Veterans are commended for their courage and service to their country, but all too often they are left by the wayside when they come back to civilian life.
According to the U.S. Department of Housing and Urban Development (HUD), almost 50,000 veterans are homeless on any given night.
Right here in Williston, there are people looking to make a difference.
After identifying there was a homeless issue in Williston, Director of Operations for Bakken 411, Anetta Replogle, decided she had the means to help.
One of the most selfless people one could ever meet, it’s no wonder she has gone through such lengths to build upon her own business interests, but at the same time, help others every step of the way.
Replogle operates a housing and private lending company, and when the housing market began to slow, she saw an opportunity to help those who wouldn’t have had a roof over their heads otherwise.
Through the use of two of her company vans from Bakken 411, she had the autonomy to provide transportation for veterans so they were able to get jobs.
Like with many entrepreneurs, a lightbulb went off in Replogle’s head when a friend was looking to sell their pressure washing company. She quickly purchased it and gave the veterans wanting to work for her, a job.
Replogle said she also has worked closely with Cindy Sanford, Manager with the Williston Job Services of North Dakota, to help them find work in the community.
She explains that she has 42 beds set aside for veterans currently, and 12 she sponsors herself. “We’re not a non-profit,” said Replogle. “We’re a hand-up, not a hand-down.”
The veterans in the 12 beds are allowed a maximum of two weeks to help them get back on their feet. In that span, veterans are given a bed, food, transportation to a job, and provided with work opportunities.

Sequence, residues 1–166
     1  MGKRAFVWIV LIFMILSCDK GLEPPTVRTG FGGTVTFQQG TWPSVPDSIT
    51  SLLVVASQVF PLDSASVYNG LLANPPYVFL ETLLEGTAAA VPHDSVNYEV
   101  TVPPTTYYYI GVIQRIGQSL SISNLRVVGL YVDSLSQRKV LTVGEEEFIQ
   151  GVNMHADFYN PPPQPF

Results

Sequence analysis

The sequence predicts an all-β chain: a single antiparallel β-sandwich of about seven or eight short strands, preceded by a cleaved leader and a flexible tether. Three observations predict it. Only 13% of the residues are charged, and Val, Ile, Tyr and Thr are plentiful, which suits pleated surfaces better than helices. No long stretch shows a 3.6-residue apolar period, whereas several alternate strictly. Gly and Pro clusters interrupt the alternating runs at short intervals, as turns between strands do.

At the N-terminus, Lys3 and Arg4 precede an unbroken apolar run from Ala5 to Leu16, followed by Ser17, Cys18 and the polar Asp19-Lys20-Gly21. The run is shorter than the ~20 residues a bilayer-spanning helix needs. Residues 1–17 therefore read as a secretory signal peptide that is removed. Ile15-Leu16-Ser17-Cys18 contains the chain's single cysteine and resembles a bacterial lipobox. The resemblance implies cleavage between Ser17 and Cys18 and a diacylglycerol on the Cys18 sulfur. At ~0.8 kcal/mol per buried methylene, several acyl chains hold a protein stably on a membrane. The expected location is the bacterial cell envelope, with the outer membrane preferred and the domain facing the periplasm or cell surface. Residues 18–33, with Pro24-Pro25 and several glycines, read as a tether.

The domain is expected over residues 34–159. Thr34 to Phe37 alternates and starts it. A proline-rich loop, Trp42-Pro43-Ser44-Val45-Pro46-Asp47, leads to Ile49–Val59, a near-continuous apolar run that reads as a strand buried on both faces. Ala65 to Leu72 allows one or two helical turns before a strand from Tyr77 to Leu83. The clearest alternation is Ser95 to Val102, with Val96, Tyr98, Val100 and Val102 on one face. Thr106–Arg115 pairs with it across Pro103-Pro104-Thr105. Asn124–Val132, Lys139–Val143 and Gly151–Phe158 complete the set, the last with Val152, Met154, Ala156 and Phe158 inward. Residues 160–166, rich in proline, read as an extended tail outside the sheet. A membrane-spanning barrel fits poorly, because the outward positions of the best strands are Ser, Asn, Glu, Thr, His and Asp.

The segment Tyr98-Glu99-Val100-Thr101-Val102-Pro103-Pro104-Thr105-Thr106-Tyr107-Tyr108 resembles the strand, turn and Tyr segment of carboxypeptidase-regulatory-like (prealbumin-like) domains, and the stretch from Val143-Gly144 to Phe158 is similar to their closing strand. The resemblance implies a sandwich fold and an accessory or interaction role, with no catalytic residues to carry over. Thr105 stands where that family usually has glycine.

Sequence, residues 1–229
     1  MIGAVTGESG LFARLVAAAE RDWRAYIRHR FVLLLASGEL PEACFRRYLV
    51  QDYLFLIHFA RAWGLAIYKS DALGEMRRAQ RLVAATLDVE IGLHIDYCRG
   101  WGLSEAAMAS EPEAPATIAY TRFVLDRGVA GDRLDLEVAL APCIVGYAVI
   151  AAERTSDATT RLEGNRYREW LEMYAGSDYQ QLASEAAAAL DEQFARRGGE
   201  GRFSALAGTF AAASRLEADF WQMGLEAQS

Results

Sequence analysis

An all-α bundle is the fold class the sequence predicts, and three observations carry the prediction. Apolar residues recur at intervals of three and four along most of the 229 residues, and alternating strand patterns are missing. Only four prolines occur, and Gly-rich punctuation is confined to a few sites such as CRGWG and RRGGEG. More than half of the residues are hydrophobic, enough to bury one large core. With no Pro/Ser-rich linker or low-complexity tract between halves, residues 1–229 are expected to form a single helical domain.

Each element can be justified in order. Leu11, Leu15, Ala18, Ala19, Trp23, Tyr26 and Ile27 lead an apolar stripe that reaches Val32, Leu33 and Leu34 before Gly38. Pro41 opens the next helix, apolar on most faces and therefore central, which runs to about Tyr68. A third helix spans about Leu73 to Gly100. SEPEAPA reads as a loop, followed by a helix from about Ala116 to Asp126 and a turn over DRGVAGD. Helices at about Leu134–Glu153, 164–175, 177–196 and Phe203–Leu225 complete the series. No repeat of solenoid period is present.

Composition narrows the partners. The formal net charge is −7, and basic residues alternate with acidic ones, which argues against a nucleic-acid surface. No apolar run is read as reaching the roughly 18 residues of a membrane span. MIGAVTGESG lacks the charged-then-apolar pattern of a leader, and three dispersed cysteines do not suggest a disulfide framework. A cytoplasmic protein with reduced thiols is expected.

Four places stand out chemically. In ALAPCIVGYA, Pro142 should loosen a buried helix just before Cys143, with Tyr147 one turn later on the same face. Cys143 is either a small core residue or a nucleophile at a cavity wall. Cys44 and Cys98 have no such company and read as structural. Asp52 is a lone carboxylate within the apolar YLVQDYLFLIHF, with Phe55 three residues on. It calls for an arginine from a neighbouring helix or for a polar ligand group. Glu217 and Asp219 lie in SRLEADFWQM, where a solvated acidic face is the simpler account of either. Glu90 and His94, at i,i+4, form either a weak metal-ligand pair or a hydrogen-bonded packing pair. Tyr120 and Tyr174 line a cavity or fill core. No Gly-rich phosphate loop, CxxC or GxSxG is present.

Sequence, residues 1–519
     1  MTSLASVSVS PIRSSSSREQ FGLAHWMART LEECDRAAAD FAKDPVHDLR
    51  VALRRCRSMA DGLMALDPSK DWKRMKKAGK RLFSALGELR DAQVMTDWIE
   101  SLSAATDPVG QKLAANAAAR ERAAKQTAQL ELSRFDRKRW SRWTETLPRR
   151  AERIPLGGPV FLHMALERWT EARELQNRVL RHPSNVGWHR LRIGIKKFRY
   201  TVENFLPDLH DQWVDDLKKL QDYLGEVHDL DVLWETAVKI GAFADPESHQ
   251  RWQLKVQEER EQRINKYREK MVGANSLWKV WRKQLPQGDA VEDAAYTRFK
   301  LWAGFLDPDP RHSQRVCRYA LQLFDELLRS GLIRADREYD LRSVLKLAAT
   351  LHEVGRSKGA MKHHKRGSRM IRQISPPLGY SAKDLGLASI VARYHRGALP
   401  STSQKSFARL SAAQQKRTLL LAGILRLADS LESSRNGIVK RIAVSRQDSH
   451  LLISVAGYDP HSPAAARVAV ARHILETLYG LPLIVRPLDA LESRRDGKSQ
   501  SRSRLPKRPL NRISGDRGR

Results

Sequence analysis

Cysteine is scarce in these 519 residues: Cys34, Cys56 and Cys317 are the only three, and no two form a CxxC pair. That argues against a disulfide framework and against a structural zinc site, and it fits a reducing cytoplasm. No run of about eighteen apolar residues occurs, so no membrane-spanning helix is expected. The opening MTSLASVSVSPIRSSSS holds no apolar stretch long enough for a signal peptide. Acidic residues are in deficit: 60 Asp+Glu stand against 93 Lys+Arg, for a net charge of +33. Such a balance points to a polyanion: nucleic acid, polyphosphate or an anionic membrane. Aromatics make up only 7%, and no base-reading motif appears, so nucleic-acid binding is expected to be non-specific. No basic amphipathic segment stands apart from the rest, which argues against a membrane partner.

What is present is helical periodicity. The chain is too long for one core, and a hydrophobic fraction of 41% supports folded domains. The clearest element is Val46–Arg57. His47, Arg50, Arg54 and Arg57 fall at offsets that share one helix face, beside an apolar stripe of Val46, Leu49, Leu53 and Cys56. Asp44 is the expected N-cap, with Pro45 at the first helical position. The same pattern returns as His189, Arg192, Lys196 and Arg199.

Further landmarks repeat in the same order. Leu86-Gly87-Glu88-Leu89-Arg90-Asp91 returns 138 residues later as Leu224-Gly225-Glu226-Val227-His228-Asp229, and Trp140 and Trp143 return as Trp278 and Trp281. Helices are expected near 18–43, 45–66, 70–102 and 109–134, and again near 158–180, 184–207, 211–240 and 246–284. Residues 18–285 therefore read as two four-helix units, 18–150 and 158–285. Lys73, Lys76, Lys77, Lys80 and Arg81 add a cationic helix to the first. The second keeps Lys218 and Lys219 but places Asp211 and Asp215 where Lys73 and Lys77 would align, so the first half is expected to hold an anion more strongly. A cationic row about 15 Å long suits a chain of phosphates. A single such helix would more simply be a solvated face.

After they start making paychecks for themselves, they are free to stay. Replogle said she only asks $300 to $500 a month and to help keep their place clean.
“Sometimes you just need a week or two to just breathe and sort things out,” Replogle said.
She said she houses veterans of all ages, and after hearing their stories, knows some are suffering from Post Traumatic Stress Disorder (PTSD). “I don’t know everything, but I do put them in touch with the right people” said Replogle. If a veteran ever felt they needed further counseling, she gets them to the Veteran’s Affairs office.
She feels it’s been really beneficial. Since having them all together and just coming from the same place, there is camaraderie among the veterans.
She has seen success in her “take some and leave some,” business model. Replogle’s efforts are now coming full circle. She chanced upon an ad selling 1,000 acres of land which she purchased and can now utilize to build more housing and provide more rooms for veterans.
“It takes all of us to come together to help another person,” Replogle said. “I am just so thankful.”
By Melissa Krause
Published August 1, 2015